Africa’s Industrial Development: Turning Challenges into Opportunities

When world leaders gathered in New York for the 70th session of the General Assembly back in 2016, and proclaimed the period 2016-2025 as the Third Industrial Development Decade for Africa (IDDA III), it reaffirmed the importance of industrialization in supporting Africa’s own efforts towards sustained, inclusive and sustainable economic growth and accelerated development.

We Need Biodiversity-Based Agriculture to Solve the Climate Crisis

The Earth is living, and also creates life. Over 4 billion years the Earth has evolved a rich biodiversity — an abundance of different living organisms and ecosystems — that can meet all our needs and sustain life.

The Social Impact of Economic Inequality

Increasing economic inequality is a defining challenge of our time. In recent years, it has triggered analysis and reflection by many scholars, politicians and others on its causes and consequences on economic growth and efficiency, politics and democracy, human rights, individual behaviors, access to health, social cohesion and environmental degradation. The perception that the top 1% of income earners are gaining at the expense of the other 99% has resulted in widespread public debates in many countries on the social and political repercussions of inequality.

In Southern Brazil, Need Becomes an Environmental Virtue

The state of Santa Catarina in southern Brazil is the largest national producer and exporter of pork and this year it also leads in exports of chicken, of which it is the second-biggest producer in the country.

World’s Hard Fought Battle Against Climate Change

UN Secretary-General Antonio Guterres describes the ongoing crisis as a “climate emergency”-- as the world continues its hard fought battle against devastating droughts, floods, hurricanes and rising sea levels that threaten the very existence of small island developing states located in low-lying areas.

Confronting the New Climate Reality in Asia and the Pacific

In less than ten days world leaders will be gathering at the United Nations in New York for the Climate Action Summit. Their goal is simple; to increase ambition and accelerate action in the face of a mounting climate emergency. For many this means ambition and action that enables countries to decarbonize their economies by the middle of the century. But that is only half the equation. Equally ambitious plans are also needed to build the resilience of vulnerable sectors and communities being battered by climate related disasters of increasing frequency, intensity and unpredictability.

A Brief Guide to the Impacts of Climate Change on Food Production

Food may be a universal language – but in these record-breaking hot days, so too is climate change. With July clocking in as the hottest month on Earth in recorded history and extreme weather ramping up globally, farmers are facing the brunt of climate change in croplands and pastures around the world.

‘I Want my Kids to Know What a Rhino and Turtle Are’ – #ClimateStrike Kids Say

From Nigeria, to Kenya to the Democratic Republic of Congo, to South Africa, thousands of African climate campaigners have taken to the streets joining millions around the world for the global Climate Strike ahead of the United Nations Climate Action Summit 2019, which starts in New York next week.

Rural Bangladesh Families Spend 2.0 Billion Dollars on Climate Change ― Dwarfing Government & International Finance

In an alarming imbalance struggling families in rural Bangladesh spend almost US$2 billion a year on preventing climate-related disasters or repairing damage caused by climate change ― far more than either the Bangladesh government or international bodies.

Biogas Makes Pig Farming More Sustainable in Southern Brazil

Biogas has the potential to provide 36 percent of the electricity consumed in Brazil or replace 70 percent of diesel if purified as biomethane, according to the Brazilian Association of Biogas and Biomethane (Abiogas).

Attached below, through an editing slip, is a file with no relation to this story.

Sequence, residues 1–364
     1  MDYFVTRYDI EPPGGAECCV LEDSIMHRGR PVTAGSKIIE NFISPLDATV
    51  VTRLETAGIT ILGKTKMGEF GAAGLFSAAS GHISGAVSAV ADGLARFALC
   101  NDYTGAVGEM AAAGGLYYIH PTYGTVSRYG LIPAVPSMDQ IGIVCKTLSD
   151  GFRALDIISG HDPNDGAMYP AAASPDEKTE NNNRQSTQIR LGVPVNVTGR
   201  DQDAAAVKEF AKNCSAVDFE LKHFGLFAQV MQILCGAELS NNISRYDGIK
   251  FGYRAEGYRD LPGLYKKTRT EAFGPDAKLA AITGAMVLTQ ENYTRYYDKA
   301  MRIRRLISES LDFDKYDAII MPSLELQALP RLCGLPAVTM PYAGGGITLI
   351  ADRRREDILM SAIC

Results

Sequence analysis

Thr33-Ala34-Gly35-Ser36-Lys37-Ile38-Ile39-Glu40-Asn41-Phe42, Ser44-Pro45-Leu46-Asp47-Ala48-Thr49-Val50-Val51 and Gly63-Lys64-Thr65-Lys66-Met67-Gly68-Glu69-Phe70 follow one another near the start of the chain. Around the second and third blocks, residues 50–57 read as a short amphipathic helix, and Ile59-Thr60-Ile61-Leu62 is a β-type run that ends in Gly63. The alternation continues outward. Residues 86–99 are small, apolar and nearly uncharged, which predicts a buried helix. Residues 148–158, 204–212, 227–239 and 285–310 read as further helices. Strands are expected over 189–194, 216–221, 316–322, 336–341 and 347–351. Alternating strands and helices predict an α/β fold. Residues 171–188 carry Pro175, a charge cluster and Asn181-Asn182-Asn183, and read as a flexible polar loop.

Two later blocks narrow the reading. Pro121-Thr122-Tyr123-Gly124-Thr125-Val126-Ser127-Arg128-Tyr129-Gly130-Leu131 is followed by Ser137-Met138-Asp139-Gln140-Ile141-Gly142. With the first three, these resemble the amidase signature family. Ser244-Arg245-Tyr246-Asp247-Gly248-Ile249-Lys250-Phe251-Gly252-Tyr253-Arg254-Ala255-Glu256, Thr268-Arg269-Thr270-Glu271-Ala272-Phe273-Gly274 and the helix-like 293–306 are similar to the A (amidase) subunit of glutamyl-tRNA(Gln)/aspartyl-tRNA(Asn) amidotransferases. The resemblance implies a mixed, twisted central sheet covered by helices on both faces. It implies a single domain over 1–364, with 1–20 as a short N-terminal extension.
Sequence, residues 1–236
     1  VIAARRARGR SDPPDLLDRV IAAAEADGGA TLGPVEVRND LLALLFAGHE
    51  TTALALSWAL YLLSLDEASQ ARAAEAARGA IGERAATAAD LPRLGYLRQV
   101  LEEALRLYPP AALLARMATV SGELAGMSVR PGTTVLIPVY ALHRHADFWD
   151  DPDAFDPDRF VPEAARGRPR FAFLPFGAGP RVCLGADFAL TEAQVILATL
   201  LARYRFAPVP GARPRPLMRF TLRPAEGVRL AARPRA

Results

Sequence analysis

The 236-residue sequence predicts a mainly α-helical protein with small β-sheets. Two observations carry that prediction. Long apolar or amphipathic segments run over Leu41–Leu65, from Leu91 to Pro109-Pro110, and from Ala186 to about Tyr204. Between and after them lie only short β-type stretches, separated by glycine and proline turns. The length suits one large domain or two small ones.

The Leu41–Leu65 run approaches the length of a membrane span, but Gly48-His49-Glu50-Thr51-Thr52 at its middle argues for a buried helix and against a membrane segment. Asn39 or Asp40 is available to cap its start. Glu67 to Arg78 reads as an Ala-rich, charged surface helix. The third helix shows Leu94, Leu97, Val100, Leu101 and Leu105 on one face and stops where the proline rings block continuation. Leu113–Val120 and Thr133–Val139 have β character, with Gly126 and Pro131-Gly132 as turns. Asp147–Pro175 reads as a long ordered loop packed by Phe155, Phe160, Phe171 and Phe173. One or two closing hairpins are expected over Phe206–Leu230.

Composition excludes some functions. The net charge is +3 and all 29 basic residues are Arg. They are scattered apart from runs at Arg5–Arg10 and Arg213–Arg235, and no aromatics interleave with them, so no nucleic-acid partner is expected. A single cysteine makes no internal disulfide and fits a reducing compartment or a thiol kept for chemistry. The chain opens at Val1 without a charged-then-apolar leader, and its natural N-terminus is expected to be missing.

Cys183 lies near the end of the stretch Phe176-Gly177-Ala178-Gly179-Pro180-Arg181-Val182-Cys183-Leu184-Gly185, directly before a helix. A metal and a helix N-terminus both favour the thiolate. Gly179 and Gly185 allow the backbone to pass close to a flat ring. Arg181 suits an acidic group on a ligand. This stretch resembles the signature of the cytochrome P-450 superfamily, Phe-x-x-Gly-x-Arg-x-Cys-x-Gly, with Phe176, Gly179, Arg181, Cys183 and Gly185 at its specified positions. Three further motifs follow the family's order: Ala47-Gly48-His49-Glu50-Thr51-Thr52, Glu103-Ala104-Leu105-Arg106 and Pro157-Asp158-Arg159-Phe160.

Not Enough Good Information About Africa’s Climate for Adaptation

"We don't have a good appreciation of our local weather systems," says Dr James Kinyangi head of the African Development Bank's climate and development Africa special fund, which supports investments in climate and weather observations networks in Africa.

Community Management, Outmigration Help Nepal Double Forest Area

New analysis of historical satellite imagery indicates that Nepal’s forest area has nearly doubled, from 26% of land area in 1992 to 45% in 2016. The midhills have experienced the strongest resurgence, although forests have also expanded in the Tarai and in the mountains. This makes Nepal an exception to the global trend of deforestation in developing countries.

As Climate Crisis Worsens & Poverty Rises, UN Appears Off-Track on Development Agenda

The two key goals in the UN’s development agenda are the eradication of extreme poverty and hunger by 2030. But most of the world’s developing nations, currently fighting a losing battle against rising poverty and hunger –and suffering from the devastating impact of climate change-- are likely to miss the deadline for most of the 17 Sustainable Development Goals (SDGs), according to the latest report by Secretary-General Antonio Guterres.

Key Changes in International Agriculture and Rural Development Issues: Three Priority Areas in the Context of the 2030 Development Agenda

Transformations in international agricultural and rural development issues Some major changes in international agricultural and rural development over the last 30-40 years need to be taken into account in efforts to promote sustainable development and an inclusive rural transformation (IFAD 2016) as we approach the third decade of the millennium. This opinion piece, drawing on a longer article published in Agriculture for Development Journal (Summer 2019 Issue), seeks to stimulate reflection and debate on how work to support agricultural and rural development can evolve to address key challenges and opportunities related to migration, sustainable urbanization and youth in a changing global policy context.

Tana River Bears the Cost of Development

The damming of Kenya's River Tana and the environmental degradation upstream, has reduced the amount of silt and water reaching the Tana River Delta over time. Hence the sea has been pushing further and further inland unhindered, jeopardising livelihoods.

World’s Whale Population Struggles to Recover from Carnage Amid Serious Concerns

Sri Lanka is endowed with an impressive and large concentration of whales off its shores and it is believed they are not a population that migrates seasonally. 26 species have been spotted in Sri Lankan waters, including the massive blue whales.

Multidisciplinarity of Data: Time to Put Data at the Heart of UN’s 2030 Agenda

The 2030 Agenda for Sustainable Development was adopted in 2015. At its core are 17 Sustainable Development Goals and 169 targets, all meant to guide efforts by all countries towards a more sustainable, prosperous and equal future.